I understand you, because I was a girl too…
On the occasion of International Day for Rural Women (15th October 2014), Celebrated athlete and boxer and a mother,MC Mary Kom highlights the need to drive behaviour change to ensure good health for women and girls in the rural areas and the urban slums and urges people to help spread these messages across to the rural communities. As a part of “The Taj Must Smile” campaign, behaviour change will ensure that the women are able to lead a healthier lifestyle, girls and women are aware about their health needs during crucial days of menstruation, pregnancy and lactation.
Bringing up a child is like reliving your childhood and for a woman, in spite of all the pain, motherhood is the biggest joy of her life.A smooth and complications free pregnancy is also the most enjoyable time in a woman’s life. A girl’s life is often full of curiosities, anxieties and at times solitude. She needs to prepare for her journey as a woman very early in life, right when she hits her teens, when she first starts menstruating. Hitting puberty is a milestone in the life of a girl and how she deals with it, embarks a lap which could either be an exciting free ride or full of pitfalls and doldrums.
Menstruation in India has traditionally been associated with myths and taboos and adolescent girls find it extremely difficult to even discuss the issue with their parents or elders in the family. Over 23% of girls in India drop out of schools due to lack of proper toilets and sanitation measures in addition to the stress and psychological burden she is anyway facing because she thinks that menstruation is a problem.
I have personally faced similar issues; I have seen my acquaintance who were isolated and couldn’t even see- off their departed near and dear ones (attend funeral/rituals) because they were having their periods. They cannot enter kitchen, touch utensils and have to avoid contacts with family and friends. What an embarrassment…Can we continue to be unfair to these girls who are expected to bring a new life into this world tomorrow?Can we allow them to continue to be ignorant towards their health needs?
Menstruation is the first step towards a healthy motherhood but in India it is culturally considered dirty or impure. We need to break this taboo and teach our daughters that it is OK to have periods and it should not weigh them down mentally or physically or hold them back from accomplishing their dreams.As a growing girl we have all had our share of anxieties when we attained puberty imagine those girls in the rural areas who are not educated and informed about menstruation before they hit puberty. It can be quite a physiological as well as psychological burden. As mothers we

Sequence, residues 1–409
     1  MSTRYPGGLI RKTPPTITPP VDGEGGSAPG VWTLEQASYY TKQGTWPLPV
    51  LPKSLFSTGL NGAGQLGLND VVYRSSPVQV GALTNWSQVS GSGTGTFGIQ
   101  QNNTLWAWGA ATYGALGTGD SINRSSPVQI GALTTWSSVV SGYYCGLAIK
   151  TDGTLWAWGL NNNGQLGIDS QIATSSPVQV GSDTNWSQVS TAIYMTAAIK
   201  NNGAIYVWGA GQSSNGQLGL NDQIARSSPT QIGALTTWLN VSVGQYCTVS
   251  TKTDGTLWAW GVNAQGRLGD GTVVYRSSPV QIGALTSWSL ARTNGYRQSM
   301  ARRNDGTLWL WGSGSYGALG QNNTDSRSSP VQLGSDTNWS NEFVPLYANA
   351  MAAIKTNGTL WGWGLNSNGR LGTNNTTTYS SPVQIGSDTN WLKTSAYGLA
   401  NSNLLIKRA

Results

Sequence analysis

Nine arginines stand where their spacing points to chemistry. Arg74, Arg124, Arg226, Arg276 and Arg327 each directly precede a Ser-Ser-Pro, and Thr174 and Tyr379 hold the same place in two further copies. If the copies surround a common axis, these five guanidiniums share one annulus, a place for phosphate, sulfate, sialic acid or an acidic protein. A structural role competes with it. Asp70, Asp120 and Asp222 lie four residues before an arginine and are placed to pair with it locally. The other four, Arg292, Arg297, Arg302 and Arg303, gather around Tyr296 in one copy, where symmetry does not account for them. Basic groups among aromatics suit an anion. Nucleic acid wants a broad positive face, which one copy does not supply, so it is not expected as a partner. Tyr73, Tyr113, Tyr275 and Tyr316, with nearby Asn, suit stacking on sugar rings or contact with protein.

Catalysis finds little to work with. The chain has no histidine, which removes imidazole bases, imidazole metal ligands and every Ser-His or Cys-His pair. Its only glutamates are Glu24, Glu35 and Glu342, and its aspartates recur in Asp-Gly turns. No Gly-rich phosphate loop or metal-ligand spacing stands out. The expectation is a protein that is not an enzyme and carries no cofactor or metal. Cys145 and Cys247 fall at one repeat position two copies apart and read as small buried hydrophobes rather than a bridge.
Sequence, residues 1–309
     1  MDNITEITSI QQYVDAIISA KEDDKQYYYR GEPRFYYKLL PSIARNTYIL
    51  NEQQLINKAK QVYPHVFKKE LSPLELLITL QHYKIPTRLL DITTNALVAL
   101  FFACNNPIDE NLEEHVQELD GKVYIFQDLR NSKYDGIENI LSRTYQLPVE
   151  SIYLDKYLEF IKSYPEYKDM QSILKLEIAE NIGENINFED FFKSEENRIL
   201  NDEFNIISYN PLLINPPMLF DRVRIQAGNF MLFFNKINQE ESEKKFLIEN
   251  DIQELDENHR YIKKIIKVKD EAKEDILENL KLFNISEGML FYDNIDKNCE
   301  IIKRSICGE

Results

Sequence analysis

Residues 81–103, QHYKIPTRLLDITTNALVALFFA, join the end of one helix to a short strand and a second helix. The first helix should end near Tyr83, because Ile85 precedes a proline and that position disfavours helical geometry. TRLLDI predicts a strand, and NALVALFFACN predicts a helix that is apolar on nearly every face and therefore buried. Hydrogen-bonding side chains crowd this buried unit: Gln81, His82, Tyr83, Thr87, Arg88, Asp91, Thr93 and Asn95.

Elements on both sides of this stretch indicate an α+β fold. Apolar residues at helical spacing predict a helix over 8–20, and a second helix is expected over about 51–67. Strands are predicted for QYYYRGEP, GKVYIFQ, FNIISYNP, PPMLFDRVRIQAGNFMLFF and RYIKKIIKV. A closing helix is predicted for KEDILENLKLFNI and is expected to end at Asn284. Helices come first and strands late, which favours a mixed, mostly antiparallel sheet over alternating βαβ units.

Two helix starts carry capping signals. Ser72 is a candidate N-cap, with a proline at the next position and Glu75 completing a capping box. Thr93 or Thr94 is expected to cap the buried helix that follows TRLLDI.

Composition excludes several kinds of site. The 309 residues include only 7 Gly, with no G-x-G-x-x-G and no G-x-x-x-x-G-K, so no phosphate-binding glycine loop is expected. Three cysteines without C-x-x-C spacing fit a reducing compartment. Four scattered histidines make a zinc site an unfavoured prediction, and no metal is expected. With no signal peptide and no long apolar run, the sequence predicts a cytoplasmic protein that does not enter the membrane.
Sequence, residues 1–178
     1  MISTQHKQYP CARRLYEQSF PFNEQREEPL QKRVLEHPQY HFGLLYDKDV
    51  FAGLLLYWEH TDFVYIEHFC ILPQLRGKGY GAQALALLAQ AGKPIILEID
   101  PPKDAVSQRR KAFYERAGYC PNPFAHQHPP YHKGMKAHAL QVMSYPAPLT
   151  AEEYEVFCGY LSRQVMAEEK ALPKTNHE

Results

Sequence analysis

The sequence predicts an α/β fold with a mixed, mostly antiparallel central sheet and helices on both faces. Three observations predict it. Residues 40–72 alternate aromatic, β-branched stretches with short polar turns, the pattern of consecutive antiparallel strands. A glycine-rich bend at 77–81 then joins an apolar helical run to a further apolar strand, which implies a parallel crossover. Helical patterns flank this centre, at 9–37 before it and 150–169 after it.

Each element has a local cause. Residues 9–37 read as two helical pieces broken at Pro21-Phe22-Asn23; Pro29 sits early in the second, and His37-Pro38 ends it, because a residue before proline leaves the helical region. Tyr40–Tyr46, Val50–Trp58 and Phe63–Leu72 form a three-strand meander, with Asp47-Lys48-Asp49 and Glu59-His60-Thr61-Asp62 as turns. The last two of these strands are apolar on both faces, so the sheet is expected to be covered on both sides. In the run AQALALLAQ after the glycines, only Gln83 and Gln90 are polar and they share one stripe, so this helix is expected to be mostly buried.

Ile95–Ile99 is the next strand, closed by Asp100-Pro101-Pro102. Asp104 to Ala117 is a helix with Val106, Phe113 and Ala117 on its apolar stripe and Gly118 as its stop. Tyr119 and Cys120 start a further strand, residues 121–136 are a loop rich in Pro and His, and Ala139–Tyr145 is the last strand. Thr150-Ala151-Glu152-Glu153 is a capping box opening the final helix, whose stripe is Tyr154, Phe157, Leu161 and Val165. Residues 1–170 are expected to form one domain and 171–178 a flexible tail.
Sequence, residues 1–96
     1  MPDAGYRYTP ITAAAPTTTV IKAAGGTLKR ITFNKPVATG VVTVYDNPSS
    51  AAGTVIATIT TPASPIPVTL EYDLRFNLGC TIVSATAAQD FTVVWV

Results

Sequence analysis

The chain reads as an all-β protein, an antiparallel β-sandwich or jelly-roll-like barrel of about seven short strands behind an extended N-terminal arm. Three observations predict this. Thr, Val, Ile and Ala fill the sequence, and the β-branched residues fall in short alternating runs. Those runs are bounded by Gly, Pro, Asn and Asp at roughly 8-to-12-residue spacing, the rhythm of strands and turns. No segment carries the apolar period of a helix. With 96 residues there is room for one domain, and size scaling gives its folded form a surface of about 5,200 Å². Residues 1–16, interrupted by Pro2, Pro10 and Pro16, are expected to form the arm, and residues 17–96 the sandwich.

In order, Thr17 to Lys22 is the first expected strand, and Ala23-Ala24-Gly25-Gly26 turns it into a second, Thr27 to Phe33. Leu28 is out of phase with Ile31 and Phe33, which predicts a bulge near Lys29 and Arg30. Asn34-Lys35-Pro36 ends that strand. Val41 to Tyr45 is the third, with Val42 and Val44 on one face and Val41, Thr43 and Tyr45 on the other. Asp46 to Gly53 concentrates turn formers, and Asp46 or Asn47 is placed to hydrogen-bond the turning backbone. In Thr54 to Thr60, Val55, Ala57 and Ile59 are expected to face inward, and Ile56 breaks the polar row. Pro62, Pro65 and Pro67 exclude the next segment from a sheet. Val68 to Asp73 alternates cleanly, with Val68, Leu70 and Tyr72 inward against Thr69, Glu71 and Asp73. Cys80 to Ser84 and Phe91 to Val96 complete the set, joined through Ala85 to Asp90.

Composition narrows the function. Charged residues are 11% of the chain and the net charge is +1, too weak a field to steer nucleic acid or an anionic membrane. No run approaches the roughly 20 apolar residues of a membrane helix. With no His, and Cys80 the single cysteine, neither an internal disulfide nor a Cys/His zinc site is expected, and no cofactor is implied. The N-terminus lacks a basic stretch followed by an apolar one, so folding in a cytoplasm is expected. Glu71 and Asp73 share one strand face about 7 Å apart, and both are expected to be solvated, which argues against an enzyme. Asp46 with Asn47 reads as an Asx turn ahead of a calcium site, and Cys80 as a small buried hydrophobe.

should not shy away from talking about periods to our daughters and educating them. It is time that we break this taboo about menstrual hygiene.
Ensuring proper hygiene for our daughters during puberty will also ensure that they are not vulnerable to any infections and grow up to be healthy women. In rural and tribal areas, girls continue to use sawdust, grass or mud during the periods which can lead to infections and even death. . We should tell our daughters to keep themselves that they should use sanitary napkins or a clean cloth during period and that they should bathe regularly and change their napkins or the cloth every 4- 6 hours to keep them clean and dry.
As a girl grows into a woman there are larger challenges that she need to face. Her health needs also increase, she takes care of the house, her family but does she get the needed care? More than 5 lakh women worldwide die annually from complications during childbirth which can be largely attributed to lack of proper nutrition, lack of proper post natal care and the large number of unassisted childbirths that happen at home. While taking care of her family a woman should also be made aware of her own health needs, she should have at least 100 IFA tablets during pregnancy, take balanced meals rich in vitamins and minerals, take adequate rest and deliver at a proper hospital to avoid any complications. She should also be told that all these facilities are available to her free of cost under the different government schemes like JananiShishuSurakshaKaryakram (JSSK).
400 years ago, “The TajMahal” was built in the memory of MumtazMahal, who died during child birth. The monument of love is also a reminder of those numerous mothers and children who lose their lives to easily preventable birth related complications. Today government has made all facilities available for pregnant mothers, now it is our duty to avail them, and to inform women to follow healthy behaviours to bring down maternal mortality rates, meet the Millennium Development Goals (MDG 5) for India and MAKE THE TAJ SMILE.